Despite a weekend meeting between AT&T and Nexstar to return Nexstar’s TV stations to AT&T’s DirecTV platform, the dispute continues.
On July 3, more than 120 Nexstar Media Group TV stations went dark for AT&T/DirecTV customers throughout the country as a result of failed retransmission negotiations. Stations in 97 markets were impacted by the blackout, which began at 11:59 p.m. on July 3. Both companies claim they are negotiating in good faith, however the failure from the weekend meeting didn’t stop them from continuing their war of words.
AT&T claims Nexstar wants to increase fees for carrying their local TV stations “far beyond their value.” Nexstar claims that AT&T—which recently dried the ink on an $85 billion acquisition of Time Warner—of using its newfound power within the pay-TV industry unfairly.
“A little more than a year after putting DirecTV together with Time Warner, AT&T appears intent on using its new market power to prioritize its own content at the expense of consumers, and insisting on unreasonable terms that are inconsistent with the market,” Nexstar said over the weekend.
AT&T claims that Nexstar is “reducing consumer choice” by pulling its stations from the DirecTV lineup, denying its subscribers to view free over-the-air television provided by broadcast networks that have “together lost about half their primetime audience over the past few years.”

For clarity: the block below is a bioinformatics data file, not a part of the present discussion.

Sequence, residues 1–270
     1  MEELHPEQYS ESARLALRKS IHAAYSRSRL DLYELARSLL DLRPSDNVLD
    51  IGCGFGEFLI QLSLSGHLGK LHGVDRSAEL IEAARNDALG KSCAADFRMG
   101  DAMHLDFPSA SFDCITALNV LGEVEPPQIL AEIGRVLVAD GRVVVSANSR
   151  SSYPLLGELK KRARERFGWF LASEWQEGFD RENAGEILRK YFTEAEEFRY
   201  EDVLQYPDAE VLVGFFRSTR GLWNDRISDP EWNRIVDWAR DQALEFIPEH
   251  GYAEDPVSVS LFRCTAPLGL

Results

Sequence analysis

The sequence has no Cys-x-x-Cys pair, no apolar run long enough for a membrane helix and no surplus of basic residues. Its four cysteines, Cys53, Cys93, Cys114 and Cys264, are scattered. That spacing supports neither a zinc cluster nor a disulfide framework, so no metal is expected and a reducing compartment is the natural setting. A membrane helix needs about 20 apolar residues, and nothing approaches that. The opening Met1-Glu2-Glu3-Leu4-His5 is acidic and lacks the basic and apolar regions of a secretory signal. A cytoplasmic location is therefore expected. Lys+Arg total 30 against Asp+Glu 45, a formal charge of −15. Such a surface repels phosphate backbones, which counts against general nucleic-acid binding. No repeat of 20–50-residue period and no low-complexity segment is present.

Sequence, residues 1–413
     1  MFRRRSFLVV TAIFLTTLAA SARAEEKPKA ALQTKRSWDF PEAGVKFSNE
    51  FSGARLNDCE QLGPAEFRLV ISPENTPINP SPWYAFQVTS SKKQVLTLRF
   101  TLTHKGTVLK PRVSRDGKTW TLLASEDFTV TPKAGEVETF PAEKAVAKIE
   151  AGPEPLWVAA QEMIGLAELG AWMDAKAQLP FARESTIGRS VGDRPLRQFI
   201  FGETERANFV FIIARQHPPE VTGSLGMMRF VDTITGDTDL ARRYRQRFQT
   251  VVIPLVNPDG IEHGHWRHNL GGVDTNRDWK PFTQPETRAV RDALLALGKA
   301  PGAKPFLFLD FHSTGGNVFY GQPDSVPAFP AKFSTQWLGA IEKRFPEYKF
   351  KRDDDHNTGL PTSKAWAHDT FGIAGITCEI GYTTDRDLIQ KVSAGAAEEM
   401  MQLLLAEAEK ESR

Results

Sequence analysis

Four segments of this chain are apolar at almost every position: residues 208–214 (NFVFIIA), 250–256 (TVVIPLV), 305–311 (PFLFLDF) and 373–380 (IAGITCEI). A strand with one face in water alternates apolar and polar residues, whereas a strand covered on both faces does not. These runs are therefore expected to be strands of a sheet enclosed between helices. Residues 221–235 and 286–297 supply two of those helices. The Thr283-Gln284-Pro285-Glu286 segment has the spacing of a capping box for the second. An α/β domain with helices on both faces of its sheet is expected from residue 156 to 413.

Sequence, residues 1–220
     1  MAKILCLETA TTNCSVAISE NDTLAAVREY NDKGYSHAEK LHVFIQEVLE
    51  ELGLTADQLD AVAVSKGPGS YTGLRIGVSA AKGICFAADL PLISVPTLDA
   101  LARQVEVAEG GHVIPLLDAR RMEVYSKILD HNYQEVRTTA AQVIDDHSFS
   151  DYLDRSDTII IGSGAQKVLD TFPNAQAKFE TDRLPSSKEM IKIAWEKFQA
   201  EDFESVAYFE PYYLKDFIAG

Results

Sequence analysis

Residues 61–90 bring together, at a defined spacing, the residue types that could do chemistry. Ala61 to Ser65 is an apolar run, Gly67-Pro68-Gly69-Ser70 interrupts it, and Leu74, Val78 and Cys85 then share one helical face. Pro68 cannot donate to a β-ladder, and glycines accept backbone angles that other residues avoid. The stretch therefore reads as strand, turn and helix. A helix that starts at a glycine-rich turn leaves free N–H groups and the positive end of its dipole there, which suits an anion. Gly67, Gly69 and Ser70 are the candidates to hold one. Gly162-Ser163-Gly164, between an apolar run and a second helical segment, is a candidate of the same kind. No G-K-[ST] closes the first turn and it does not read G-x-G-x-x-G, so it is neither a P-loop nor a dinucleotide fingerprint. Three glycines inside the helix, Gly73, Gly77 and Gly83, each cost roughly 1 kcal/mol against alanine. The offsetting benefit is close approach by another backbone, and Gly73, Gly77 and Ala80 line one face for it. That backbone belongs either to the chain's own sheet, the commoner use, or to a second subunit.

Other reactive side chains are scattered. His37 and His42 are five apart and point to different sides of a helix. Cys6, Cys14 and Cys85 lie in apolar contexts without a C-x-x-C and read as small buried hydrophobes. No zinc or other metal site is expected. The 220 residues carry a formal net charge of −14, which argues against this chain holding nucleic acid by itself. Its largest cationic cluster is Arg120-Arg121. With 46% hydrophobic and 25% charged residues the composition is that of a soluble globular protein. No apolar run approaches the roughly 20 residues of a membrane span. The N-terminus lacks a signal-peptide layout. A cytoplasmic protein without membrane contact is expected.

Nexstar even accused AT&T of misrepresenting its role to regulators in past disputes with other pay-TV providers.
“The misinformation campaign began when AT&T indicated that “Nexstar pulled 120 of its local broadcast stations…” Nexstar said in a statement. “Nexstar did not pull its stations or ask for their removal from AT&T’s DirecTV, U-verse or DirecTV Now platforms. Rather, Nexstar’s offer for a 30 day extension would have allowed consumers in the affected markets to continue viewing their favorite network shows, special events, sports, local news and other programming while the parties continue negotiations.”
It also said that AT&T claimed that Nexstar had been involved in blackouts with Cox Cable, DISH Network, Charter Spectrum “and others.” “In fact, Nexstar has never had DISH Network or Charter Spectrum remove its stations from their consumer video offerings,” Nexstar said.
The dispute has prompted numerous calls from members of Congress to return the stations to DirecTV while the two companies negotiate.
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Tom has covered the broadcast technology market for the past 25 years, including three years handling member communications for the National Association of Broadcasters followed by a year as editor of Video Technology News and DTV Business executive newsletters for Phillips Publishing. In 1999 he launched digitalbroadcasting.com for internet B2B portal Verticalnet. He is also a charter member of the CTA's Academy of Digital TV Pioneers. Since 2001, he has been editor-in-chief of TV Tech (www.tvtech.com), the leading source of news and information on broadcast and related media technology and is a frequent contributor and moderator to the brand’s Tech Leadership events.